I’ve wanted to post something about Ned Vizzini since he died, but I’ve been unsure of what I can say. What I should say.
Most of us who have passions have a story to tell about our passion. An origin story. The friend who lent you that book. You know, the book that changed your life. Or maybe it all started at school, when you picked up an oboe for the first time, took the class that flipped on a light switch in your brain, met the teacher who spoke directly to your soul.
My origin story includes Ned Vizzini. My mother handed me a thin yellow galley – maybe my first galley? – and told me I might like it. It was Teen Angst? Nahhh, Vizzini’s first book, a collection of essays he’d written while still in high school.
Ned’s essays floored me. They delighted me. They were stories about family, about feeling different, about feeling too nerdy to get by but getting by anyway. Ned was just a little bit older than I was. He was young. He was writing about being young. He was writing well. I’d read YA lit before – loved YA lit – but this was something entirely different. Something special.
I read and re-read this book many times as a teen, and when Be More Chill came out in 2004 I was excited. So was my sister. Ned was running his own book tour, insisting that he and his girlfriend loved road trips and would drive anywhere that would have him. My sister – my shy, introverted, nervous sister – called me at college and told me she’s talked to the principal and she’d emailed Ned and he was coming. To our high school. What on earth.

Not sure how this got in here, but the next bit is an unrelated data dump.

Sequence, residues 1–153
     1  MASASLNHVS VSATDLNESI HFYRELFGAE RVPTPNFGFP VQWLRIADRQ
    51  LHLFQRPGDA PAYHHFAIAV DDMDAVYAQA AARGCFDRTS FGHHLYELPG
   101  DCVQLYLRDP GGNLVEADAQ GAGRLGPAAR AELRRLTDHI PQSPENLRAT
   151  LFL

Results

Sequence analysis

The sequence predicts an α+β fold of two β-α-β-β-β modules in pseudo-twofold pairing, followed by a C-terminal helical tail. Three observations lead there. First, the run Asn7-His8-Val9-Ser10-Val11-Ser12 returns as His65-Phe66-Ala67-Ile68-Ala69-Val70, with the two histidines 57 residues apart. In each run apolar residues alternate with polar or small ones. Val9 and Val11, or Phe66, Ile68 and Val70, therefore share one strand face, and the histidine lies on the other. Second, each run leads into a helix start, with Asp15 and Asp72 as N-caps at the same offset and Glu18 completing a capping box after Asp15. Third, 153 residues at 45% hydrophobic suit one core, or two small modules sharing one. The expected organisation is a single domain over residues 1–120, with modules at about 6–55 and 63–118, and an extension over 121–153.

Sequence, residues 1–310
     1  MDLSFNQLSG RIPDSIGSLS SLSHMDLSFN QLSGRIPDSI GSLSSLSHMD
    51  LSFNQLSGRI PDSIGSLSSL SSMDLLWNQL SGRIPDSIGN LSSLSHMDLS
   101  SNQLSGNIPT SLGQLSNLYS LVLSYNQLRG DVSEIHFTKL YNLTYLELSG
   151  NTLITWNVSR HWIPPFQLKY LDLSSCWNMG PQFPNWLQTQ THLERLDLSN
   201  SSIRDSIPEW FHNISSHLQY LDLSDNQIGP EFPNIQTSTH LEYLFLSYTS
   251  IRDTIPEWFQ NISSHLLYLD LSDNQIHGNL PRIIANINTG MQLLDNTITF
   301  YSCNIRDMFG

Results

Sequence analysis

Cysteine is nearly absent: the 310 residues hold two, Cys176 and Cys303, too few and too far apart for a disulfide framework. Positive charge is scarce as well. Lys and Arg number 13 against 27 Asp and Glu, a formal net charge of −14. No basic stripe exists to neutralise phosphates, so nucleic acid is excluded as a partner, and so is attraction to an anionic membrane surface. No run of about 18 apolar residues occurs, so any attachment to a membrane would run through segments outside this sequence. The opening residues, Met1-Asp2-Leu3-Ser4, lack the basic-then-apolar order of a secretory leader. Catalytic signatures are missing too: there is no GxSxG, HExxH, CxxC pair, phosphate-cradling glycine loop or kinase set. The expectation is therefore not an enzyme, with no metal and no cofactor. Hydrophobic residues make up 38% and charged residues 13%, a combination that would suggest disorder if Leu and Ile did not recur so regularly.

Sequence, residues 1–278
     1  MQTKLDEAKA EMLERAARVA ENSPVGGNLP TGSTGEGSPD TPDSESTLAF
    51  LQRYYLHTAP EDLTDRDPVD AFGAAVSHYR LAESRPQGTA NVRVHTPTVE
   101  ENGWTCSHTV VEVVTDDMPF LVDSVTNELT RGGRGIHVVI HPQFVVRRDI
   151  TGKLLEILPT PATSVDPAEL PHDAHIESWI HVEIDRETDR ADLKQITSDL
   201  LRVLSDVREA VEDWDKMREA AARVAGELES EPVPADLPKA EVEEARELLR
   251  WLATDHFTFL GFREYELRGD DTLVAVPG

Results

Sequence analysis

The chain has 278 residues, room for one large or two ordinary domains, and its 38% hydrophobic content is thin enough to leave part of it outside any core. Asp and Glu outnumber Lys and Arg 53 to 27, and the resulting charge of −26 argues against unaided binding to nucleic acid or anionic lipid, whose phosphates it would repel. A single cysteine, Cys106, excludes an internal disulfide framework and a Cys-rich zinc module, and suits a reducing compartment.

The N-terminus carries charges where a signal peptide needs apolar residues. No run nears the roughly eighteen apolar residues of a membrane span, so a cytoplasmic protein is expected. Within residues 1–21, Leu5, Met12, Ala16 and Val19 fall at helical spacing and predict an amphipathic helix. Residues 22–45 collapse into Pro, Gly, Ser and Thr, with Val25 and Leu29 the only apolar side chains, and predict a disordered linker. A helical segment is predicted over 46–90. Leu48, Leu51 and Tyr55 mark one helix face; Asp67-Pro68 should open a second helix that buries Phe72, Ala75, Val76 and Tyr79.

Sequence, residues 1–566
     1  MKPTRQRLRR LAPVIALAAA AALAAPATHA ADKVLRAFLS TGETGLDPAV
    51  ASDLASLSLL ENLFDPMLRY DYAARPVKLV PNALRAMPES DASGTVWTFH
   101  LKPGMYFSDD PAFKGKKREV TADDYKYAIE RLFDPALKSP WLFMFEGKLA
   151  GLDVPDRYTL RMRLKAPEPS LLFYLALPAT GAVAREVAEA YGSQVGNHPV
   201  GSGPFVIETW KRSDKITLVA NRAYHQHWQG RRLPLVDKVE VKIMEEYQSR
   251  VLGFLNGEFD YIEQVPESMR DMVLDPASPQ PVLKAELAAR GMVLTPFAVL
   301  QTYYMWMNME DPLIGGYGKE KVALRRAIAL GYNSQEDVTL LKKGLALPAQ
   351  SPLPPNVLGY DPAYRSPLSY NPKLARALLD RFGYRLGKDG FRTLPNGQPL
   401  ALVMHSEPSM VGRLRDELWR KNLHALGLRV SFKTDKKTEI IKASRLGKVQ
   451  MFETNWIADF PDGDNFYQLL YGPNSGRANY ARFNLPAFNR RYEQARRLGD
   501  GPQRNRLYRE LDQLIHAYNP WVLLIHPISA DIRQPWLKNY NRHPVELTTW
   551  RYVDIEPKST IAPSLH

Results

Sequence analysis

Something fell through on the school’s end, though, and Ned wasn’t to come. He felt bad. He emailed my sister and invited her to come to another school event, an hour away. I came down from school and we drove into the sticks together. We sat in a strange rural middle school cafeteria, the odd teens out – were we groupies? Fangirls? Sisters who couldn’t pass up a once in a lifetime chance?
We met Ned, briefly, afterwards. I remember that he knew my sister’s name, that he was much more excited to be hanging out in rural Michigan than I was, and that he seemed so much younger than me. He had a strange, guileless energy. Like he might say anything. Like he might respond to your emails if you asked him to visit your high school, even if you were a sixteen-year-old girl.
When It’s Kind of a Funny Story came out in 2006, I knew what a galley was and I was happy to get one. When I read that Ned based the book on his time in a mental health unit, I wasn’t surprised. When the book found a broad audience – many teens and young people who themselves struggled with mental illness – I wasn’t surprised.
But when I read that Ned had killed himself, I couldn’t believe it. I read in an interview somewhere that he thought he was still struggling. That he was always going to struggle. But he had coping mechanisms. He wasn’t having suicidal thoughts. Things wouldn’t ever be great but they could just be.
I’m a person who is deeply, irrationally invested in believing the best things people say about themselves. Probably because I spend so much time crafting my own, hoping that someday I will be the person I imagine myself to be. Hoping that everyone believes me. I’m sorry you were in pain, Ned. I’m sorry you had to go so soon. Thank you for starting early and hanging on, for writing your books, for letting me be a weirdo in your middle school writing workshop, for being a tiny, tangential part of my own story. Thanks so much.